11/14/2014 11:46 am ET Updated Dec 06, 2017

On the Urban Road: Motorbikes, Tricycles and Rickshaws

Mass rapid transit networks may be all the rage for municipal governments looking to revitalize broken transportation systems, but even these lauded 'low-cost' options often remain beyond the budgets of poor commuters. In these instances, cheaper informal transportation options arise to meet demand and create employment opportunities. Motorbikes, tricycles and rickshaws can constitute affordable alternatives, at the same time as they offer flexible routes and mobility through traffic to commuters of all income brackets. These vehicles are particularly essential to cities across the Global South, from Lagos and Delhi to Ho Chi Minh City and Jakarta.

2014-11-14-ca1410lge1_650x4331.jpgIn Lagos, poor urban residents need affordable means of transport that can navigate through narrow, poor quality streets. Formerly popular "okada" motorcycles have been banned and, in their stead, a motorized tricycle called "Keke NAPEP" has arisen as the informal transportation sector's latest innovation. The Keke NAPEP is considered safer than the motorcycle because riders sit in a more enclosed vehicle. It also allows operators to carry multiple riders at once, earning more money with each journey. The vehicle's prevalence is a result of the government's National Poverty Eradication Programme (NAPEP), which provided poor citizens with these tricycles for free or at subsidized rates to equip them with earning opportunities. Endangering the initiative's appeal to drivers, however, are high union dues and the prevalence of corruption; the city authorities must find ways to regulate the sector to minimize exploitation.

Three-wheeled vehicles also play a crucial role in Delhi. An electric tricycle known as the E-Rickshaw provides affordable transport between the public metro and bus systems to areas ignored by formal services. Although E-Rickshaws were recently banned for not meeting the motor vehicles department's requirements, the Ministry for Road Transport reversed that decision in June on the grounds that they constitute non-motorized vehicles. Currently, however, the restrictions of the ban remain. The absence of urgency in returning the E-Rickshaw to the street suggests that the government does not fully recognize the informal transport sector's critical contributions to poverty alleviation. In contrast, an initiative called the Rickshaw Bank focuses on precisely that potential of informal transportation. Its traditional but newly designed rickshaw is paired with efforts to provide rickshaw pullers with affordable insurance and licenses.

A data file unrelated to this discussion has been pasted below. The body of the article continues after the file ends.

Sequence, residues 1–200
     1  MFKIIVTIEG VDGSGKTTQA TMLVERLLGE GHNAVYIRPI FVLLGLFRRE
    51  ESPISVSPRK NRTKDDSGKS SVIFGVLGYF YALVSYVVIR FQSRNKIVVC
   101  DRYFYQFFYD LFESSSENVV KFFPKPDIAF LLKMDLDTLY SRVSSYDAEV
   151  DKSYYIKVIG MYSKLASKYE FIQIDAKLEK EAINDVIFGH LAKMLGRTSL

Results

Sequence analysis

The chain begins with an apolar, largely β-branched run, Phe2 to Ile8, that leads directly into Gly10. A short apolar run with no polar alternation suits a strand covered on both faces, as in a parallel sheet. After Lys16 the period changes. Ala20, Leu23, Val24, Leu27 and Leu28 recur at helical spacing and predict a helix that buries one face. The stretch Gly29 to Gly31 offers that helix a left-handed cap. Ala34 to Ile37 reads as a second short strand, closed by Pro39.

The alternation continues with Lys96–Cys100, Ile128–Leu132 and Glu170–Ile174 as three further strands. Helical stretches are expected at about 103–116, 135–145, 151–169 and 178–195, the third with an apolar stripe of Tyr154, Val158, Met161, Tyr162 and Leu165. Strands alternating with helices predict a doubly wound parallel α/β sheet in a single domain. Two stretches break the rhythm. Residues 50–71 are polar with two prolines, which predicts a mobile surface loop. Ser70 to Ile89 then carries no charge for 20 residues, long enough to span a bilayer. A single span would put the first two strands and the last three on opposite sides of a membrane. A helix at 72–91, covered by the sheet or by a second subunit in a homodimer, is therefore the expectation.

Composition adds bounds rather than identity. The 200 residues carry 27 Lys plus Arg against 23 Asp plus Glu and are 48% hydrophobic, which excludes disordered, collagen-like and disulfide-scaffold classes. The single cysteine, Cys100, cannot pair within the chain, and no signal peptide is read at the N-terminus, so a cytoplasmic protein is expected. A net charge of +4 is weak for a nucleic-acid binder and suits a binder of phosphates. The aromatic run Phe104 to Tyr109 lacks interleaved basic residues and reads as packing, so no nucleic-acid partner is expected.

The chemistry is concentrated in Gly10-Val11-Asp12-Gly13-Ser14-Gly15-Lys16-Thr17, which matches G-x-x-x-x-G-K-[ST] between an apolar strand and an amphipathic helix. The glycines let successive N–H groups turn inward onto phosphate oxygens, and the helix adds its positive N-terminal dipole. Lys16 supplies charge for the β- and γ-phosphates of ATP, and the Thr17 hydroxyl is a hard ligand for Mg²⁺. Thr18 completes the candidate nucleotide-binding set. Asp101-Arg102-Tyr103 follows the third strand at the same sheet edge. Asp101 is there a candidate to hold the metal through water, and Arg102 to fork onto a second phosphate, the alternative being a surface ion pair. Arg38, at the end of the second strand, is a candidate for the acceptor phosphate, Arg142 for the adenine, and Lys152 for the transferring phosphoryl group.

2014-11-14-ca1410hce1_650x4371.jpgHo Chi Minh City is no stranger to motorcycle or scooter taxis, but "smart" moto-taxis are a relatively new phenomenon. Emerging in 2012, smart moto-taxis are installed with taximeters to avoid bargaining disputes and GPS devices that allow companies to monitor their drivers' locations. Like earlier motorcycle taxis, smart moto-taxis are more affordable than formal transportation and they maintain the mobility to navigate through traffic or narrow lanes, but now professional companies guarantee driver quality and bike safety. Monitoring by the taxi companies has created safer opportunities for more women to find work as drivers. However, because the taxi services remain beyond the official domain of the Department of Transportation, drivers are excluded from unions and the guarantees of certain labor laws. Critics also note that the growing popularity of individual taxis serves to put more vehicles on the streets.

Taking formal public transport in Jakarta risks getting stuck in traffic for hours. The "ojek", or motorcycle taxi, has long been a popular means of traveling faster by winding through traffic jams. In the past, ojek travelers have had to forego safety and comfort for speed, but in 2010 a multi-service business named Go-Jek was founded to professionalize the motorcycle taxi industry. Go-Jek guarantees its customers improved safety and comfort as well as fixed rates to avoid bargaining disputes. Existing ojek drivers are recruited into the Go-Jek business, from which they receive training and regular salaries along with bonuses based on commissions. In addition to the regular service of transporting people, Go-Jek also offers document deliveries, laundry pickup, food delivery, and even visa pickups from the consulate.

Clearly not without their unique sets of limits and challenges, informal means of transportation still provide innovative and affordable alternatives that can alleviate the burden of poverty. Check out more of the discussion on transportation and work on and share your thoughts.

Photo credits: Canadian Pacific, and Hoang Diep - Vien Su